Addressing meat processing woes (Shepherd’s Notebook)
(Editor’s note: Susan Schoenian is a sheep and goat specialist with the University of Maryland.)
COVID-19 has exposed some of the weaknesses in the U.S. meat supply chain.
There is a shortage of federally-inspected slaughterhouses, as just 50 plants process 98 percent of the meat in the United States.
The current “one-size-fits-all” meat safety regulations put small producers and processors at a disadvantage. In response, Congress has introduced (or re-introduced) three bills, aimed at giving both livestock producers and consumers more options.
These are the Direct Act, Prime Act, and Ramp-Up Act.
The Direct (Direct Interstate Retail Exemption for Certain Transactions) Act would allow meat processed in state-inspected establishments to be sold across state lines via e-commerce.
Currently, state-inspected meat (with some exceptions) can only be sold intrastate.
Since state meat inspection is “at least equal to” federal standards, why state-inspected meat can’t already be sold across state lines remains a bafflement (to me).
While Delaware, Virginia, and West Virginia have state meat inspection, Maryland and Pennsylvania gave up their programs a long time ago.
The Direct Act is supported by industry groups such as the American Sheep Industry Association.
The Processing Revival and Intrastate Meat Exemption Act would loosen regulations to allow meat such as beef, pork, goat, or lamb from custom kill plants (not state or federally-inspected) to be sold to consumers, restaurants, hotels, and grocery stores.
While there are no guarantees, it would allow states to pass legislation that could open up custom-exempt facilities for commercial slaughter/processing.
Currently, a producer can sell a live animal (or shares) to a customer and deliver the animal to a custom plant for processing, but pieces of the carcass cannot be sold (or given away) by either the producer or the customer.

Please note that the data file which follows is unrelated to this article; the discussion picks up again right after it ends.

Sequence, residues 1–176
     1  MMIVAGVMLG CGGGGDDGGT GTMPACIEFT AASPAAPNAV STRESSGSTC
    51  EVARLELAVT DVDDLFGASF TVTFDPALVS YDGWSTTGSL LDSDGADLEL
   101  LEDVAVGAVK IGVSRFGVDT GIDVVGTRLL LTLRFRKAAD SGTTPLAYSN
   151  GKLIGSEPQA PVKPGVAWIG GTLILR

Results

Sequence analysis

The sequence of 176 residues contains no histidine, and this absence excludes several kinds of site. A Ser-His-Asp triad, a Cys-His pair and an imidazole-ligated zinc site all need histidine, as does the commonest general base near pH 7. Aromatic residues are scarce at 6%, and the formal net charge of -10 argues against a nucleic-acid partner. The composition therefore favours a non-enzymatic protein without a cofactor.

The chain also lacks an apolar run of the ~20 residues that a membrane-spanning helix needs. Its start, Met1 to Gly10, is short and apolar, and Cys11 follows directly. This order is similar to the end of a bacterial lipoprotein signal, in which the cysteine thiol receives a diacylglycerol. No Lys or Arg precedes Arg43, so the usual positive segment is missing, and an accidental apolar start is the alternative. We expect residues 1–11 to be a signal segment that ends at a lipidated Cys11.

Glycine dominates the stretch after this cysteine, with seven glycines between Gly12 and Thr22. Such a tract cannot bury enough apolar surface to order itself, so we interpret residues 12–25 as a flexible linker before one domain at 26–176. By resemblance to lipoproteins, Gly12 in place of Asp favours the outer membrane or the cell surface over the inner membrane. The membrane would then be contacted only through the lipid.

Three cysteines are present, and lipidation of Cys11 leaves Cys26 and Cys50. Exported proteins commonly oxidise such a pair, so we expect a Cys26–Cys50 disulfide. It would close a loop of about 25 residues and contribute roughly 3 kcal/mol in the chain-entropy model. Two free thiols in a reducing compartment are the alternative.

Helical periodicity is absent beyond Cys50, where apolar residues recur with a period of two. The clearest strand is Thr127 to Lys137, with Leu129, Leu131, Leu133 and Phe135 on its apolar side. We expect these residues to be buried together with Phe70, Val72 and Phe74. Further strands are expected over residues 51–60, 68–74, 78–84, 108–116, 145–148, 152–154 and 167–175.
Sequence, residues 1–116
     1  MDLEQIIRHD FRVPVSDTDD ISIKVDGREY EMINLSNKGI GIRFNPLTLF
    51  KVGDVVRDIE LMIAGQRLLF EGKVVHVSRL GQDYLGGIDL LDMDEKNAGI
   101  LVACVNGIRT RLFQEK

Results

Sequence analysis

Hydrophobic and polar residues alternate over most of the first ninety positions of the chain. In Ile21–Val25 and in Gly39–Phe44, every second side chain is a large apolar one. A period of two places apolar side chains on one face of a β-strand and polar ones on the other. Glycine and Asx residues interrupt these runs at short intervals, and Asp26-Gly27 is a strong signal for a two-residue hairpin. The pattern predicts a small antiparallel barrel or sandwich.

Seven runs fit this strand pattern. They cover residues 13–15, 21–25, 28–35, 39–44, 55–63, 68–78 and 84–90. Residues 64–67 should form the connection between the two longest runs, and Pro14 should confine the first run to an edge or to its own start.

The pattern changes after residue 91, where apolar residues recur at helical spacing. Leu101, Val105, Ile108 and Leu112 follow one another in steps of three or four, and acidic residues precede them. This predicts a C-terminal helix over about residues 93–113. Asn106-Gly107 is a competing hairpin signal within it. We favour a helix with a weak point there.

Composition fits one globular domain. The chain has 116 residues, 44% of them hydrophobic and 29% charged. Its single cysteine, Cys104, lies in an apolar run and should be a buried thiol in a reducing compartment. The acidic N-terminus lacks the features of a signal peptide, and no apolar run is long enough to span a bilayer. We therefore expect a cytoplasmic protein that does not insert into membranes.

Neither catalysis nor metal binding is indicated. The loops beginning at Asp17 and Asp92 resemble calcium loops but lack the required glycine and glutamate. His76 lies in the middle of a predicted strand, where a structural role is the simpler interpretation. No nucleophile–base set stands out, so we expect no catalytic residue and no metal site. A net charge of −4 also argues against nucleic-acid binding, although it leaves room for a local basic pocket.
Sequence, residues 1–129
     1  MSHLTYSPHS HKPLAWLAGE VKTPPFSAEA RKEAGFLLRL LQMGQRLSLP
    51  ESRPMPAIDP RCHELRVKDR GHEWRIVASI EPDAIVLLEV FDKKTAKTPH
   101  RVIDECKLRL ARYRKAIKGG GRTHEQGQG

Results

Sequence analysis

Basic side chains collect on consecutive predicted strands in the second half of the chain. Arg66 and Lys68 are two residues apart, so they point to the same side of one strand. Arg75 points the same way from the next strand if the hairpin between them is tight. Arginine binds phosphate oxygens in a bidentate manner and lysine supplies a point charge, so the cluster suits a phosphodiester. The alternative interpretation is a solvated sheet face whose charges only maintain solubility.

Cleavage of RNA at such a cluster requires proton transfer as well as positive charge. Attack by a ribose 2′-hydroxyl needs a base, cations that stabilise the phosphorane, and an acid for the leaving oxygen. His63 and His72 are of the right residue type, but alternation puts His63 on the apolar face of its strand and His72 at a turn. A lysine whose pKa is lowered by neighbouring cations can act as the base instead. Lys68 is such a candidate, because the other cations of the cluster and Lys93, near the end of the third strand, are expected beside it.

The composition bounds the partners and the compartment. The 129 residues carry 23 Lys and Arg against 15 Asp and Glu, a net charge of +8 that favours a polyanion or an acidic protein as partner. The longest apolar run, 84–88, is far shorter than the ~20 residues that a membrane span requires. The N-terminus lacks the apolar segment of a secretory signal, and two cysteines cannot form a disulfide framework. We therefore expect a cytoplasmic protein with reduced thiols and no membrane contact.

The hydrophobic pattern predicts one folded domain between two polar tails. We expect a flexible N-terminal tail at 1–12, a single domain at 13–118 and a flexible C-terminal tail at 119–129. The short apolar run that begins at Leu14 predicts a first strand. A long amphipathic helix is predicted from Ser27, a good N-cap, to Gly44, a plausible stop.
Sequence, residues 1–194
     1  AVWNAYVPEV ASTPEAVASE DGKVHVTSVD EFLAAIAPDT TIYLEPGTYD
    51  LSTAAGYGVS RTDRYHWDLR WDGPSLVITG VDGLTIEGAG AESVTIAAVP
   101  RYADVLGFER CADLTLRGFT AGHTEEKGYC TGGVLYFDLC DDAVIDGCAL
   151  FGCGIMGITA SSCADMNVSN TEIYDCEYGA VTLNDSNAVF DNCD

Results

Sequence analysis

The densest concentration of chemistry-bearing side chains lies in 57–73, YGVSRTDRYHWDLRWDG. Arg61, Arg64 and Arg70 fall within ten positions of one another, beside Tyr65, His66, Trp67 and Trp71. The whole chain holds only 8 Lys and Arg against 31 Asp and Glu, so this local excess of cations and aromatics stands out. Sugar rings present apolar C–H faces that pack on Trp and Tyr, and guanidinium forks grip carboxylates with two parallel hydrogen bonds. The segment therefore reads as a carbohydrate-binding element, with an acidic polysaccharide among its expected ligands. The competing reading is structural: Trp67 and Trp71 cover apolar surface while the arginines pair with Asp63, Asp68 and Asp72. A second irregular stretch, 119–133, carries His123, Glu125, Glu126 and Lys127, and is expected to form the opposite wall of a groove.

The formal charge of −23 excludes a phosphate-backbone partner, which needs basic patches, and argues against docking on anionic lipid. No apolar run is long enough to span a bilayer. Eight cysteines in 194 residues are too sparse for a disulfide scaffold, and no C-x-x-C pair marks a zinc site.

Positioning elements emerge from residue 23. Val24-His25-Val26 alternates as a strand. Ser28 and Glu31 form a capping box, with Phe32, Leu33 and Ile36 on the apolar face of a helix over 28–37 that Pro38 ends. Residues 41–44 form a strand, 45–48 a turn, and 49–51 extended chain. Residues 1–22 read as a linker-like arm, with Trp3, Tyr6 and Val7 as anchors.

The packages of meat are labeled “not for resale.”
Various industry groups oppose the Prime Act because it would allow uninspected meat to be sold. USDA/FSIS would also lack recall authority.
Custom slaughter is exempt from continuous inspection; only the facilities are inspected (periodically) to ensure they meet sanitation and labeling standards.
Inspectors are not present before, during, or after slaughter.
Small producers claim the Prime Act would level the playing field.
On-farm poultry slaughter (up to 20,000 birds) is already exempted from continuous inspection.
The American Sheep Industry Association neither supports nor opposes the Prime Act.
The Ramp-Up (Requiring Assistance to Meat Processors for Upgrading Plants) Act would provide federal grants (up to $100,000) to help existing meat and poultry processors move to federal inspection and be able to sell their products across state lines and internationally.
It would give processors the tools to become federally inspected facilities, which would widen their customer base while maintaining strong inspection standards.
The one-to-one match requirement would be scheduled to be waived for the first year.
The Ramp-Up act has widespread support, including the American Sheep Industry Association.
If any of these bills are important to you, be sure to contact your congressional leadership.
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